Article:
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The efficacy of montelukast as a protective agent against 131I-induced salivary gland damage in rats: scintigraphic and histopathological findings

Koca, Gökhana; Gültekin, Salih S.c; Han, Ünsald; Kuru, Serdarb; Demirel, Koraya; Korkmaz, Melihaa

Nuclear Medicine Communications: May 2013 - Volume 34 - Issue 5 - p 507–517
doi: 10.1097/MNM.0b013e32835ffecd
Original Articles

Aim This study was designed to evaluate the efficiency of montelukast as a novel radioprotective agent against sodium [131I]iodide or potassium [131I]iodide (131I)-induced salivary gland damage in a rat model.

Materials and methods The function and structure of salivary glands in 50 albino Wistar rats were evaluated with technetium-99m pertechnetate scintigraphies and histopathological examination. The animals were classified into five groups as follows: the control group (sham operated); group 1 (n=10; only 131I administration), group 2 (n=10; administration with 131I and montelukast); group 3 (n=10; 131I administration after total thyroidectomy); and group 4 (n=10; administration with 131I and montelukast after total thyroidectomy). All rats were killed at the end of the third month and three pairs of salivary glands were removed surgically.

Results The scintigraphic evaluation revealed better results for groups administered montelukast than it did for other groups. Statistically significant differences (P<0.05 or P<0.001) were found between the control group and the other groups as well as between groups 1 and 3 (n=20) and groups 2 and 4 (n=20). However, there was no statistically significant difference (P>0.05) between groups 1 and 2 (n=20) and groups 3 and 4 (n=20). Histopathological examinations showed that pathological changes were significantly high in the groups treated with 131I without montelukast when compared with the other groups.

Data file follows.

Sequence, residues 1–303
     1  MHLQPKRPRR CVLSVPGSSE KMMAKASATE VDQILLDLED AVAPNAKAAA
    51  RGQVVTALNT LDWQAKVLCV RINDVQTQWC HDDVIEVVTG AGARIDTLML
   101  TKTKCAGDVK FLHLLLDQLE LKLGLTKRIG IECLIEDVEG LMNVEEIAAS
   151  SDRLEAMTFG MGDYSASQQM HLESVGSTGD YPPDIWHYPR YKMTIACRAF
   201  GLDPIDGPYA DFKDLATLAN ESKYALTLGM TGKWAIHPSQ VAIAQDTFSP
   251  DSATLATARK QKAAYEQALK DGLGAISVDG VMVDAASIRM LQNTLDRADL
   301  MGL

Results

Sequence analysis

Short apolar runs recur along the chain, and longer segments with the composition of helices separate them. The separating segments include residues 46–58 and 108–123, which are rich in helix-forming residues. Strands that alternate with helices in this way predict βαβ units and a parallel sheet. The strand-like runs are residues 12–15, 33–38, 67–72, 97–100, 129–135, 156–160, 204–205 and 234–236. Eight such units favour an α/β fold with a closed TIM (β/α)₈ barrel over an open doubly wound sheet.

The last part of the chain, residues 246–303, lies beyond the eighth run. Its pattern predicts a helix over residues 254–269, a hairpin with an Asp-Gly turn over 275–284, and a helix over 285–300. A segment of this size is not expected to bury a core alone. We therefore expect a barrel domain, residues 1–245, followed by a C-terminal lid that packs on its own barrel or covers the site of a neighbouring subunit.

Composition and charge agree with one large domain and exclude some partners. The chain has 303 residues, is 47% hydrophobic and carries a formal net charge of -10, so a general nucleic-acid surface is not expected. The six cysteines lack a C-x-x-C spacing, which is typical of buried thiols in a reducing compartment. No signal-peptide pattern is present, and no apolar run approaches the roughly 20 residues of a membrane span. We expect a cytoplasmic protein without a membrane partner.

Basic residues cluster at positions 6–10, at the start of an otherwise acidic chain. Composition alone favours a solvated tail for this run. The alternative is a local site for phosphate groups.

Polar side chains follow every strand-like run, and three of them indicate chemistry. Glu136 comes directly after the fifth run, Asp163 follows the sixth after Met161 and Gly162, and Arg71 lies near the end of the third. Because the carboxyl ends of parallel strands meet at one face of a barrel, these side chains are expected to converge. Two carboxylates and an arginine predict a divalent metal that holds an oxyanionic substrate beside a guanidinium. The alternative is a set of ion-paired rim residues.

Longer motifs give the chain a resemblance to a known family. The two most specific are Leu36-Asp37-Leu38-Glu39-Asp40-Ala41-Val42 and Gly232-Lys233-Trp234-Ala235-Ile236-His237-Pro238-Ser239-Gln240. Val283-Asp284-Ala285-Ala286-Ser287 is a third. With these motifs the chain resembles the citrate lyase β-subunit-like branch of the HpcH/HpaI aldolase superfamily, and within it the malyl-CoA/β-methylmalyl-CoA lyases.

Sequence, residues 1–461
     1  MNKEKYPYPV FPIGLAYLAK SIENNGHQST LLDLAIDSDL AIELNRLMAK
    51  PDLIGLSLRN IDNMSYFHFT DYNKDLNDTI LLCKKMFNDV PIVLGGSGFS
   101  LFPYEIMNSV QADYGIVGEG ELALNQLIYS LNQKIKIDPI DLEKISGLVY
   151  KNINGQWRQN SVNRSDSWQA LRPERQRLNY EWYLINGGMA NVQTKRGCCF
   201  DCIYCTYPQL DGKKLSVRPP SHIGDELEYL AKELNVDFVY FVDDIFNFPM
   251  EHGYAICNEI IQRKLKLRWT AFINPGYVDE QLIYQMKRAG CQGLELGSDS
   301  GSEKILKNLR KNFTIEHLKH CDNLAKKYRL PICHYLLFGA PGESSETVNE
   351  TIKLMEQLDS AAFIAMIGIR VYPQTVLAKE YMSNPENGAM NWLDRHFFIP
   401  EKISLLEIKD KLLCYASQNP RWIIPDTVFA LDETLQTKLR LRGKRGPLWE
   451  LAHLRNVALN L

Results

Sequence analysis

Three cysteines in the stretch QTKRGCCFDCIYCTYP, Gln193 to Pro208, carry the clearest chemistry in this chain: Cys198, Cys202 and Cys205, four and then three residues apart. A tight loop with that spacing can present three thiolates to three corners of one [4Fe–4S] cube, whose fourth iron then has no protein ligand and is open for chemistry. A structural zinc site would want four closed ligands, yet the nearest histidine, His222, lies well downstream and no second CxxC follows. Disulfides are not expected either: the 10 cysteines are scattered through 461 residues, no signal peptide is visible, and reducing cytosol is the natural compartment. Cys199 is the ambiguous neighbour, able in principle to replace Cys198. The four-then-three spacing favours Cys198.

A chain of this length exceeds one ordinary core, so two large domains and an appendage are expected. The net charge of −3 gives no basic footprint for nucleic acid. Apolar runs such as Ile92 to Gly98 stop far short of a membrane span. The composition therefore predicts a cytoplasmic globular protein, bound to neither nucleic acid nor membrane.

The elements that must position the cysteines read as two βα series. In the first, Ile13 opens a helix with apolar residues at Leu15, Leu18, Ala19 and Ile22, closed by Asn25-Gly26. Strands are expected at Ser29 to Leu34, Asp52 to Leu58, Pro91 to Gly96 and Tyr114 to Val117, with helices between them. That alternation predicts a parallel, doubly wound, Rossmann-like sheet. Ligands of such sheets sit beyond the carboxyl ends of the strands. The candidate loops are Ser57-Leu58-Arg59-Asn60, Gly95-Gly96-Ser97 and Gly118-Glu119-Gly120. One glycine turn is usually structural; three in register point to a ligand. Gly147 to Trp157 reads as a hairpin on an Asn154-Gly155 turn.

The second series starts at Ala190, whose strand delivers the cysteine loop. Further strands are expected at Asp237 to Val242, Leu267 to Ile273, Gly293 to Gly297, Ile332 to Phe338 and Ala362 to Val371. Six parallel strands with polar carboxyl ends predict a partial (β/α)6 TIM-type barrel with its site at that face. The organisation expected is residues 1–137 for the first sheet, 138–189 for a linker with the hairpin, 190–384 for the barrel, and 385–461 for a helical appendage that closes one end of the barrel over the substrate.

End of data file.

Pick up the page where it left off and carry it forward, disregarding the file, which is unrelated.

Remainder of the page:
Conclusion This is the first study on rats to assess the protective effect of montelukast on salivary glands after 131I therapy. According to our results, montelukast was found to be a potential protective agent against 131I-induced damage on salivary glands.

Department of aNuclear Medicine

bGeneral Surgery, Ministry of Health, Ankara Training and Research Hospital

Department of cNuclear Medicine

dPathology, Ministry of Health, Dişkapi Yildirim Beyazit Training and Research Hospital, Ankara, Turkey

Correspondence to Salih S. Gültekin, MD, Department of Nuclear Medicine, Ministry of Health, Dişkapi Yildirim Beyazit Training and Research Hospital, Ankara 06110, Turkey Tel: +90 312 326 00 10 x1274; fax: +90 312 323 06 32; e-mail:

Received October 4, 2012

Accepted February 8, 2013

© 2013 Wolters Kluwer Health | Lippincott Williams & Wilkins